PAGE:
While a groundswell of support is a sine qua non for any electoral victory, the Congress will have to move beyond drawing room strategising, particularly when the opponent is as formidable as the Narendra Modi-Amit Shah duo. The party will be taken seriously only when it starts to win elections. For that reason, Karnataka has acquired an importance all its own; the poll outcome is expected to set the tone for the 2019 battle. So, the 2019 Opposition story may be more about ground-level arithmetic than about chemistry at the top. The question of who will lead the Opposition alliance, were it to have the requisite numbers, may have to be settled after the elections.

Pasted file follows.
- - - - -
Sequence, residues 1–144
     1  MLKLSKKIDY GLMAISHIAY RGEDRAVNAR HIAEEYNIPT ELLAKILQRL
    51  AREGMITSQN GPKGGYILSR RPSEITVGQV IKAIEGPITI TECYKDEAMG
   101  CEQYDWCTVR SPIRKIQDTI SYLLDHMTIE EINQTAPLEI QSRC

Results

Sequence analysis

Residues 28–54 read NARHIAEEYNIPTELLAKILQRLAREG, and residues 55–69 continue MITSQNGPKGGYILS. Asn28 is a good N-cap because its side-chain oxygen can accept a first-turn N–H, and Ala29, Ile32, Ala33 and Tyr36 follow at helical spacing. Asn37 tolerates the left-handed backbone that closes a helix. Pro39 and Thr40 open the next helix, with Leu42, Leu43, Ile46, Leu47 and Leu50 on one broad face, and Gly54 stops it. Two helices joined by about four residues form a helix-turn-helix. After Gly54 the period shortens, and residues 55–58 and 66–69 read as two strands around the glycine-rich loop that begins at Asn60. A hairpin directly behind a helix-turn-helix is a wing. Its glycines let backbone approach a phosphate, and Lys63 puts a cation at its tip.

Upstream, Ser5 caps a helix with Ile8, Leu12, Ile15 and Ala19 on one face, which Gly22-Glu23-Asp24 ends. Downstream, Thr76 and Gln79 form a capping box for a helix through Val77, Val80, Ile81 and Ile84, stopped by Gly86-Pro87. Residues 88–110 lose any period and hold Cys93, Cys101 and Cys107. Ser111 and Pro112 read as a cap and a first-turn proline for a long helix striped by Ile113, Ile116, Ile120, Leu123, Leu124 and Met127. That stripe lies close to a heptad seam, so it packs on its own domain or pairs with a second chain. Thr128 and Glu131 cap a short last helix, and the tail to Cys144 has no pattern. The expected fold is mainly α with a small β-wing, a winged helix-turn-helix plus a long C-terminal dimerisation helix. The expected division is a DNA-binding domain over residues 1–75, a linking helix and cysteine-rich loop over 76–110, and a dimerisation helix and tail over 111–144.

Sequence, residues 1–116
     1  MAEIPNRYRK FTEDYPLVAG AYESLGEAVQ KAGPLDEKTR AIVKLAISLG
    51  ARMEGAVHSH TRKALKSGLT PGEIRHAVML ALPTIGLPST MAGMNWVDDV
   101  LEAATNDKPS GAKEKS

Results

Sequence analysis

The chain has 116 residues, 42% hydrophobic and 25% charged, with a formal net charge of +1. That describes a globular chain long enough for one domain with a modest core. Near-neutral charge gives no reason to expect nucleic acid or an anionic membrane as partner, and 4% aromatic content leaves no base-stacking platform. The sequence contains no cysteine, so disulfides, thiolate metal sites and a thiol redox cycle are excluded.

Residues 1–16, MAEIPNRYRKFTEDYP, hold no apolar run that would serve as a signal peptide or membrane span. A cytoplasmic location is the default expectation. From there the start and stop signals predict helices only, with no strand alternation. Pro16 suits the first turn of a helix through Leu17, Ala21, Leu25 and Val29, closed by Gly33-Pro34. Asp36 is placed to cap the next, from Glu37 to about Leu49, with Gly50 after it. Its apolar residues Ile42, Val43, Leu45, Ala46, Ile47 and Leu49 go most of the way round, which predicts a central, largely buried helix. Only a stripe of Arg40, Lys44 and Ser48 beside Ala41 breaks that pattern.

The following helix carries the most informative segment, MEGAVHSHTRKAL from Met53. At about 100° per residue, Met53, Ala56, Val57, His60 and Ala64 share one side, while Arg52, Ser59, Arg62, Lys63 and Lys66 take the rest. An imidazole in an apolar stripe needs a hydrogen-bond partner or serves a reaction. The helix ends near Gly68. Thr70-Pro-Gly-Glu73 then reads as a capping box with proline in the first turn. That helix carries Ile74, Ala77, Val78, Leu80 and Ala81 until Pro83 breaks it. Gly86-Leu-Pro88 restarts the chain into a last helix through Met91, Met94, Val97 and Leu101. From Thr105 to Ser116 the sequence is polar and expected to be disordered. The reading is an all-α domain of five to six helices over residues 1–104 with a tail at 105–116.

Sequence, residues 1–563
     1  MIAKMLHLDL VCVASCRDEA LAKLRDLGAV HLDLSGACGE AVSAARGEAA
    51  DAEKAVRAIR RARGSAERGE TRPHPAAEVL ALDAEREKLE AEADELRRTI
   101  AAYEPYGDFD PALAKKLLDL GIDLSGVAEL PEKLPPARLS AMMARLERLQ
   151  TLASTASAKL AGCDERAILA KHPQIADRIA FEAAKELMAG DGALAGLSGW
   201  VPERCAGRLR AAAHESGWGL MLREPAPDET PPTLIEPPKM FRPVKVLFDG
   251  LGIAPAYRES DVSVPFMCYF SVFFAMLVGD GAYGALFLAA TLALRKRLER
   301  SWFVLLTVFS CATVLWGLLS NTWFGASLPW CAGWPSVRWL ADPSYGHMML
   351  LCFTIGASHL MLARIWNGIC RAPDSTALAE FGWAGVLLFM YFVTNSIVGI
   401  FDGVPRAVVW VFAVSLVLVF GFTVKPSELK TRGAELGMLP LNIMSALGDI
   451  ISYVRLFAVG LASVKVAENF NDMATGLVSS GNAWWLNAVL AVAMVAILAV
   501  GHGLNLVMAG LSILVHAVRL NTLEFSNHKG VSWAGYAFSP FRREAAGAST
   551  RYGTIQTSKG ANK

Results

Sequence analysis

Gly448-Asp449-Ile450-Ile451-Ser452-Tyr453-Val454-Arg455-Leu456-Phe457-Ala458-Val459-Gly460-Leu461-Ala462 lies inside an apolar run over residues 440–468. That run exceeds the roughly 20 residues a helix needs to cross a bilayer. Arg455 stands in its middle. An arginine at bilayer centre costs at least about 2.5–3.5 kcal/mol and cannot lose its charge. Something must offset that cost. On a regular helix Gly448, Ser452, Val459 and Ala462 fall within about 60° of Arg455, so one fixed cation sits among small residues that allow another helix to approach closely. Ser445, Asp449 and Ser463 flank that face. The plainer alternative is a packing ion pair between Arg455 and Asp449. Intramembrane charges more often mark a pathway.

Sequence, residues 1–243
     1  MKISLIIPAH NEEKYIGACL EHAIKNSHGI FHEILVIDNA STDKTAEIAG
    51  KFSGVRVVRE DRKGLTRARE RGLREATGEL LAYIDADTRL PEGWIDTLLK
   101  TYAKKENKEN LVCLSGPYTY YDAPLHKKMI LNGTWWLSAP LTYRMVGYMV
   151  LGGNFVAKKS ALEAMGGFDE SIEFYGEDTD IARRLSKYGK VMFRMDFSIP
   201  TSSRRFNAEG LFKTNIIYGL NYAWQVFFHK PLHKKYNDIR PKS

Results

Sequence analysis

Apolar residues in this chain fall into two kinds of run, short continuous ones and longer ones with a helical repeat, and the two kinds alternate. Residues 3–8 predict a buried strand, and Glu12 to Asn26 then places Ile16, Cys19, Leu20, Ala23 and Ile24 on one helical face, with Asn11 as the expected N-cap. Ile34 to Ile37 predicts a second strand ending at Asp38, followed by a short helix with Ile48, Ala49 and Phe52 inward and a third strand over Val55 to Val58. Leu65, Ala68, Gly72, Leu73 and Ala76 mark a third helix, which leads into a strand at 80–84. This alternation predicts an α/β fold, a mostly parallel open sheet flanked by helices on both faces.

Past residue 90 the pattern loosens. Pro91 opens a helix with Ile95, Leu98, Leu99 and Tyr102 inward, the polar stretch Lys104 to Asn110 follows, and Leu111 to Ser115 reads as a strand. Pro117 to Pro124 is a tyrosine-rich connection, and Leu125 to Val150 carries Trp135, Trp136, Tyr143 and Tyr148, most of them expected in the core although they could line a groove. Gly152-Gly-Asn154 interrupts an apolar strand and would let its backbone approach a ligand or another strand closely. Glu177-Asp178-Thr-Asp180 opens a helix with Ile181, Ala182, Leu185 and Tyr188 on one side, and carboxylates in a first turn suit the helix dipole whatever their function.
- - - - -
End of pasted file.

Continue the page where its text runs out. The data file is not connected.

The Congress’s recent resolve to adopt a “pragmatic” approach to aligning with like-minded parties to defeat BJP and RSS is noticeable. Rahul Gandhi has been reaching out to some of the state satraps like Sharad Pawar. With Rahul Gandhi unlikely to be accepted as the head of a coalition government — unless the Congress can notch up 200 seats, which looks highly unlikely — would Sonia Gandhi prefer a non-Congress leader?

The BJP will try to win sympathy for the PM by making it a Modi versus the rest (trying to gang up against him) battle. In UP, the party is getting ready to play its “Mandal” card. It has proposed a committee to earmark a quota for the most backward castes (MBCs) within the larger OBC quota, with a view to driving a wedge between the MBCs and the more dominant Yadavs. It was the Yadav-MBC-Dalit-Muslim axis, forged by Akhilesh Yadav and Mayawati, which led to their spectacular victories in Gorakhpur and Phulpur.

What can be said with certainty today is that possibilities have suddenly opened up for the Opposition. Disaffection with the government will exert its own pressure on the Opposition parties to coalesce.

The writer is a senior journalist